The flavor profile is often referred to as “smoky, complex and wine-like”.

Four varieties of “black” heirloom tomatoes
Four varieties of “black” heirloom tomatoes

Here are the most popular of the highly rated black heirloom tomatoes:

  • Paul Robeson — of fairly recent popularity, Paul Robeson is getting  good marks all around the country for its “smoky,” “complex”  distinctive flavor.
  • Purple Calabash —  often compared to red wines such as Cabernet.  The taste is rich and full of old-fashioned tomato flavor with just the right blend of sweetness and acidity.  The flesh is smooth and meaty with evenly distributed seeds.
  • Japanese Black Trifele — a pear shaped variety. Flavor is deep, chocolatey, smoky, and rich.
  • Carbon — among the darkest of the black tomatoes.  Exceptionally rich and sweet flavor.  My favorite black.
  • Black Krim — intense, slightly salty taste.
  • Black from Tula — perceived by many as the “best-tasting black”, with thin skin and a sweet, complex flavor.
  • Vorlon — cross between Prudens Purple and Cherokee Purple resulting in meaty, rich, sweet taste.  Lynne Rosetto Kasper’s favorite black in 2011.
  • Purple Russian — the best black tomato in a plum variety.  Meaty, sweet and excellent for salads and sauces.

Red Heirloom Tomatoes:

Bright red heirlooms are often mistaken as hybrid tomatoes at market, as they look very similar.  Red heirlooms however, are more varied in their flavor profiles than hybrids, tending toward the robust, higher acid flavors. 

Red heirloom tomatoes also differ from red hybrid tomatoes in that their skin is much thinner. Many of the bright red tomatoes you see in grocery stores were hybridized to have thicker skin so they would ship better. In the process of hybridization they lost a lot of their distinctive flavor.

The red heirloom tomatoes are often what people are thinking of when they ask for that “old-fashioned flavor”.  Just know that since red heirloom tomatoes have thinner skin than hybrids, they will not last as long on your countertop.

The range of flavor you can get with properly grown red heirloom tomatoes however, is much higher than red hybrid tomatoes.

Four varieties of red heirloom tomatoes
Four varieties of red heirloom tomatoes

Here are the most popular of the highly rated bright red heirloom tomatoes:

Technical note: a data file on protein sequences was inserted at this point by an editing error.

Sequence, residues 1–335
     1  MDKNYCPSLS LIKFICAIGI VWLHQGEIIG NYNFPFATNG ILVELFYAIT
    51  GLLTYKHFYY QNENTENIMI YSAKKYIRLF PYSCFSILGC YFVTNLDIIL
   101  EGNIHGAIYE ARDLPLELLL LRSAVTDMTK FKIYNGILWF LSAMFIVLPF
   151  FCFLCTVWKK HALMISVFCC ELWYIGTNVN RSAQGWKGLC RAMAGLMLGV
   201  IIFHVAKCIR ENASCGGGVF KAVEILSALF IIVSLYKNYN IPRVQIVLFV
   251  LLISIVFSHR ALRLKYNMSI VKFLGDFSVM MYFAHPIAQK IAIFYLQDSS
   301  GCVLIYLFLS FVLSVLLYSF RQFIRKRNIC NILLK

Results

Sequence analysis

• Costoluto — “old-fashioned tomato flavor”; performs well when skinned and used in slow simmered sauces.  The flesh is meaty with an abundance of juice and tart tomato flavor.
  • Druzba — smooth, juicy fruits with robust sweet-tart flavor; meaty and great for canning.
  • Legend — Introduced at Oregon State University as highly disease resistant variety. Nice blend of sugar and acid.
  • Aussie —  big, impressive beefsteak variety. Old fashioned, big robust tomato taste.
  • Stupice — best flavor I can find in an early tomato (early tomatoes tend to lack flavor); small
  • Thessaloniki — prolific crack-free heirloom with a meaty, classic flavor; sometimes considered “earthy flavor”
  • Carmello — considered by the French to have the “perfect acid-sugar balance” .  Productive, with juicy texture.  Dona is a smaller version of Carmello.

Striped Heirloom Tomatoes:

Striped heirlooms (sometimes called marbled or bicolored), are beautiful and they tend to have a rich, juicy, super-sweet flavor that is low in acid (exception of the Green Zebra)

Here are the most popular of the highly rated black heirloom tomatoes:

Five different bicolor heirloom tomatoes
Five different bicolor heirloom tomatoes

Gold medal (below) is one of the larger striped or bicolored heirlooms…..beautiful!

Early striped heirloom tomatoes
Early striped heirloom tomatoes
  • Gold Medal —  popular for its appealing sweet taste and marbled beauty,  originating from the Black Forest region of Germany.
  • Green Zebra — tangy, with a very robust flavor (i.e., high acid)
  • Mint Julep — Often confused with Green Zebra, Mint Julep is a hybrid tomato with a sweet taste and a pear shape
  • Black Vernissage — small and very prolific with that rich flavor similar to the Russian black tomatoes
  • Indigo Rose — a hybrid tomato that is more bicolor than striped. The blossom end remains a dark purple color with the bottom of the tomato turning orange when ripe; tangy flavor

Orange & Yellow Heirloom Tomato Varieties:

Orange tomatoes (not yellow), are sweet and lower in acid than the bright red tomatoes. They are the varieties that will most remind you that tomatoes are, botanically speaking, fruits.

Yellow (and white) tomatoes tend to be mild and creamy and low acid. Two yellow heirlooms that are more robust (higher acid) in flavor however would be Hughs and Limmony.

Here are the most popular of the highly rated orange and yellow heirloom tomatoes:

Orange yellow and green heirloom tomatoes
Orange yellow and green heirloom tomatoes
  • Persimmon — One of the best flavors of all the orange tomatoes. Meaty with few seeds.  Creamy meaty, texture.
  • Juane Flamme — small (large plum size), sweet and low-acid, bursting with juice.  Almost a tropical flavor.  My favorite small orange.
  • Kellogg’s Breakfast — vibrant sweet taste, meaty with few seeds.
  • Limmony — a yellow beefsteak with a strong, zesty, sweet citrusy flavor. It is also sometimes spelled Lemony.
  • Hughs — a surprisingly robust flavor from a yellow tomato; large and meaty; a great slicer with a lot of flavor